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Grey Heron: Ardea cinerea
Distribution: All over Great Britain from Ireland across to Europe, Asia, Japan & south to the Mediterranean. Also India and northern China, southern Africa, Indonesia. Birds in northern Europe migrate, wintering south of the Sahara.
Habitat: Slow-moving streams and rivers, shallow lakes and sheltered seashores, damp fields, marshes and canals.
Description: Tall with long neck, long brown legs and long, yellow dagger-like beak. Grey upper parts, white head and neck; broad black streak from above the eye through to a long crest.
Size: Length:- up to 98cm. Head and neck longer than the body. Wingspan:- up to 195cm. Weight:- about 1500g.
Life-span: Oldest ringed bird recorded, 25 years, 4 mths.
Food: Fish, small mammals, amphibians, reptiles, insects, small birds, crabs. The heron is Britain's tallest bird and one of the most easily recognised. Its outline is quite distinctive, whether it is standing motionless at the water's edge or flying, silhouetted against the sky.
Except when they are breeding, herons spend much of their time alone, feeding in damp places or wading in water. Sometimes large numbers of birds can be seen together at a particularly good feeding site. They are wary and suspicious birds, choosing quiet areas to feed.
A heron uses stealth and speed when hunting and will wait, poised and silent, at the water's edge, or stand up to its breast in water, hoping unwary prey will approach. When a victim comes within reach, the heron strikes quickly, stabbing down its long, sharp bill to grab the prey tightly. Fish are swallowed whole, head first so that the spines or fins do not get stuck in the bird's throat. Large fish may be brought to land and broken up into smaller pieces before being eaten. A heron is often difficult to spot when it is resting, head hunched between its shoulders, motionless and silent. If it is alarmed it will suddenly stretch its neck and take to the air, perhaps with a loud, harsh 'fraaank'.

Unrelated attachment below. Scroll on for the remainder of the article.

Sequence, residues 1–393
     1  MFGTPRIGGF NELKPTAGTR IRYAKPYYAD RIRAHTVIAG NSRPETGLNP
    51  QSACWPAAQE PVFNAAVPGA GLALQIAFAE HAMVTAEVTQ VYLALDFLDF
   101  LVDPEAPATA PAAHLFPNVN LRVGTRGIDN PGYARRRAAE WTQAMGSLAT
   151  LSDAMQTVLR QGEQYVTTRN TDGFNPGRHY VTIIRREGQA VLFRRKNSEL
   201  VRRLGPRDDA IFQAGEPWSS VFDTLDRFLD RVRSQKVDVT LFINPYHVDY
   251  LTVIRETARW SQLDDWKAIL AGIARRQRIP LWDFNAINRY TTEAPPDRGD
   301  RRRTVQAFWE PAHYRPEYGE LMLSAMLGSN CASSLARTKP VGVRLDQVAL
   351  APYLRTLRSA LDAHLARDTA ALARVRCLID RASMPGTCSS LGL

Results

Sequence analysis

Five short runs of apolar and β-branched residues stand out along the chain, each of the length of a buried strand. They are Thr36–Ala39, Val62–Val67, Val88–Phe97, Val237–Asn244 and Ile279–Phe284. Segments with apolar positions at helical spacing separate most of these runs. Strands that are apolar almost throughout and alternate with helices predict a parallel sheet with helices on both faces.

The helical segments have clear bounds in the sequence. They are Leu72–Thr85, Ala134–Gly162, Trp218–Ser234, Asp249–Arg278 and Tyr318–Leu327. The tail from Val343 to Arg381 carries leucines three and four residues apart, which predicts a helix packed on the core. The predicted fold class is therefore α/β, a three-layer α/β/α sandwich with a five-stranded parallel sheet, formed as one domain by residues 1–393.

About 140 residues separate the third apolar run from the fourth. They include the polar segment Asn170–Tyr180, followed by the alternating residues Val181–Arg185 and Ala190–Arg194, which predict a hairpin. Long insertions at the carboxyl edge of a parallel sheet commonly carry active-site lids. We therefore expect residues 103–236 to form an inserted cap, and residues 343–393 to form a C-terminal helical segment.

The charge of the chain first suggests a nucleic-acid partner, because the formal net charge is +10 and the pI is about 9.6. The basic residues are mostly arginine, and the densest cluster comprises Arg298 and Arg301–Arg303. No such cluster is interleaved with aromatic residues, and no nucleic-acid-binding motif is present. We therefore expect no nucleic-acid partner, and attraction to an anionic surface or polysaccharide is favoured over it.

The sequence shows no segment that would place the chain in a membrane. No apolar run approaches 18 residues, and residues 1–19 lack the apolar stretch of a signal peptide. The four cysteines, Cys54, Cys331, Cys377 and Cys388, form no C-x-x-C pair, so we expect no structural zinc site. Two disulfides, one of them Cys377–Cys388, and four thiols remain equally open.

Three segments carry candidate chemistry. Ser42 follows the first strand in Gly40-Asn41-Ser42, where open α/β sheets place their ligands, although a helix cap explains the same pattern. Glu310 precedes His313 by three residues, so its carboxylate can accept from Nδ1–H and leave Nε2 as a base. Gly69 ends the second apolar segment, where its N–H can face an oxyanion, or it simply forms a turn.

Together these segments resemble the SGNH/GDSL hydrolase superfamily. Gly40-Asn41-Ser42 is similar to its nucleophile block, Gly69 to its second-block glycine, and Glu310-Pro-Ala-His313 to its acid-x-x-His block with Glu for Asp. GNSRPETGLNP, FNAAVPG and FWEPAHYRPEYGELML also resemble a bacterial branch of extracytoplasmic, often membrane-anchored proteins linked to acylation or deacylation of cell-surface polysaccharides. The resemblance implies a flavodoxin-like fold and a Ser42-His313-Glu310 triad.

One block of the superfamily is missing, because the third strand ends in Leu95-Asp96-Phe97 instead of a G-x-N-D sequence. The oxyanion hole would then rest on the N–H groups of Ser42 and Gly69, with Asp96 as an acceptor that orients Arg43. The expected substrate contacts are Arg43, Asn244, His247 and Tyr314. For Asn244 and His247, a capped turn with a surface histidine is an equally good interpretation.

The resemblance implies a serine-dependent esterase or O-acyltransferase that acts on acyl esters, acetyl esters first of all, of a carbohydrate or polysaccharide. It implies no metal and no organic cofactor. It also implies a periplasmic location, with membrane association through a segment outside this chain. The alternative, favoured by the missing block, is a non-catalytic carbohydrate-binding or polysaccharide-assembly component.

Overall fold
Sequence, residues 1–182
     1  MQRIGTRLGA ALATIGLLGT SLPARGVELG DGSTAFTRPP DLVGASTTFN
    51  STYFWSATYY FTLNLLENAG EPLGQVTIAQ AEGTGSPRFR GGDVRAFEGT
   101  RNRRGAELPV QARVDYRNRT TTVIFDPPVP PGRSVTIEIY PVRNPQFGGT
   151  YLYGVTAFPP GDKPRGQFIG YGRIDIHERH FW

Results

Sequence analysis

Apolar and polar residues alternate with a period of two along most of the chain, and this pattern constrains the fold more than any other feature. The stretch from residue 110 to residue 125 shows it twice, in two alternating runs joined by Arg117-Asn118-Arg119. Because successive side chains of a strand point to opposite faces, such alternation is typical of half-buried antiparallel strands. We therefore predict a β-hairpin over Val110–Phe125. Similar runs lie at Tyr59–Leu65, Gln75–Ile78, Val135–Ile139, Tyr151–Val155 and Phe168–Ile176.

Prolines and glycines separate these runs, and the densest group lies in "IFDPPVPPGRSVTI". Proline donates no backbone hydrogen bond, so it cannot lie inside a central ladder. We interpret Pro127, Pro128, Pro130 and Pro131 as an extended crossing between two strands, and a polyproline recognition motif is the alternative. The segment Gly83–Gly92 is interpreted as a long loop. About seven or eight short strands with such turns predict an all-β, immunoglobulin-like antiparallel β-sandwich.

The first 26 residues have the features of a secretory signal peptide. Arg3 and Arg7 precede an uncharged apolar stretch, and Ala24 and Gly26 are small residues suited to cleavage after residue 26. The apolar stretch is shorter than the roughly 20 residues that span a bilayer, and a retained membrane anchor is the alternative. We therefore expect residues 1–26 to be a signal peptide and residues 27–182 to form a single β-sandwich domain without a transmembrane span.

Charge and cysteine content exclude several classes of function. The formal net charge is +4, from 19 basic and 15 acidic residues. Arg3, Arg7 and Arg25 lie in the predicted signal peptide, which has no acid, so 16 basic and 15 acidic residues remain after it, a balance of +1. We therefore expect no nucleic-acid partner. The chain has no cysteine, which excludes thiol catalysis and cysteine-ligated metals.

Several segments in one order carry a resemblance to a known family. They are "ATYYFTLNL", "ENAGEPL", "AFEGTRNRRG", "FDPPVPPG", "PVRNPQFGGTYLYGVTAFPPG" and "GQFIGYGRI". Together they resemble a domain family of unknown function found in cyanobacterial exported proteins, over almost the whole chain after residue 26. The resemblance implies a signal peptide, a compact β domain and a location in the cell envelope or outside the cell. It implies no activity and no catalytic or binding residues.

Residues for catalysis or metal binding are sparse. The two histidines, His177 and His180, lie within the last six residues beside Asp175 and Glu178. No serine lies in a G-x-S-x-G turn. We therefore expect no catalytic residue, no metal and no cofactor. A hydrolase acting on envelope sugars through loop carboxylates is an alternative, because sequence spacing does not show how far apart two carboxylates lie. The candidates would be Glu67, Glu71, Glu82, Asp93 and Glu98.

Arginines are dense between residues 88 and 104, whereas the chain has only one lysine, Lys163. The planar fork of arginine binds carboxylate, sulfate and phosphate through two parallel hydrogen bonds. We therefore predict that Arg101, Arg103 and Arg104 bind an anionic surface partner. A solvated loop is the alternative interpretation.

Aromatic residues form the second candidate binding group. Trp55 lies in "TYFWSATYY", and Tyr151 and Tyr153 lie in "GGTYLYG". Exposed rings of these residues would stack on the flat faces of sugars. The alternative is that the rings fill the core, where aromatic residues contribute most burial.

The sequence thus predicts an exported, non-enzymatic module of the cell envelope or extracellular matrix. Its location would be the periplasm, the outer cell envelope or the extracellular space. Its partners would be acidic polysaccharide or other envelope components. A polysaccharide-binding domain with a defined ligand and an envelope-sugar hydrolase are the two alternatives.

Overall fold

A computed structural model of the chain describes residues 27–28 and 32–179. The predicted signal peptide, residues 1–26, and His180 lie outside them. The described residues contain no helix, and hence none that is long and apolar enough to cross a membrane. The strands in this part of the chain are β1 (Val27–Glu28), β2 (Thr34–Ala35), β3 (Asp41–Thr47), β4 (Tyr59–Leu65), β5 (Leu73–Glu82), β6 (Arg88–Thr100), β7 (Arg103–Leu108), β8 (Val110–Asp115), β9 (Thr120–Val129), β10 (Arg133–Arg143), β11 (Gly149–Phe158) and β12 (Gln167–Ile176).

The plumage of a heron may become dirty when it is catching wet and slippery prey. To help clean away the dirt and slime it has a patch of crumbly feathers called 'powder down' on its breast and rump; a specially shaped claw on the third toe is used to comb through the plumage.
Herons nest in colonies, or heronries, usually in the tops of tall trees near water, but in the north of Britain they often choose cliffs, reed-beds or bushes. Nesting begins early in the year and the male defends his own tree-top territory during the breeding season. He threatens any approaching male by straightening his neck, fluffing out the plumes on his head, throat and back and snapping his beak. If the intruder doesn't retreat immediately, he may then lunge at him viciously.
The male calls frequently, day and night, trying to attract a mate. When a female appears, he displays by stretching his beak towards the sky and when she comes closer, he lowers his head over his back and claps his bill repeatedly.
The female usually builds the nest, using sticks and twigs; it is a large structure with a shallow, saucer-shaped hollow in the top. The same nest is used year after year and so it grows in size until it is several feet across. Fresh grass and bracken is added to serve as a lining for the 4 or 5 pale blue eggs. Most eggs are laid at the end of March. Both parents share incubation which starts as soon as the first egg is laid. The newly-hatched chicks are covered in long, blackish-brown down which is bristly on the top of the head and this gives them a comical crest! They are noisy youngsters, keeping up a constant 'agagagagag' call as they beg regurgitated food from both their parents. The eggs hatch at different times, so in years when there is a shortage of food, the biggest chicks survive and the smaller ones starve. In plentiful years the whole brood will be successfully reared.
The adult herons may fly up to 30km from their heronry to visit good hunting areas.
Herons and humans
In many countries herons have decreased because they are shot by fishermen and fish farmers. In Britain they are fully protected by law and they are increasing, helped by recent mild winters. The population fluctuates between 4,000 and 4,500 pairs, but it falls after severe winters; the birds may starve when rivers and lakes freeze over.
Herons sometimes visit garden ponds to steal goldfish. They may be deterred from doing this by putting a net over the pond or possibly by placing a model heron at the edge - this is supposed to fool a heron into thinking that the pond already has a resident fisherman!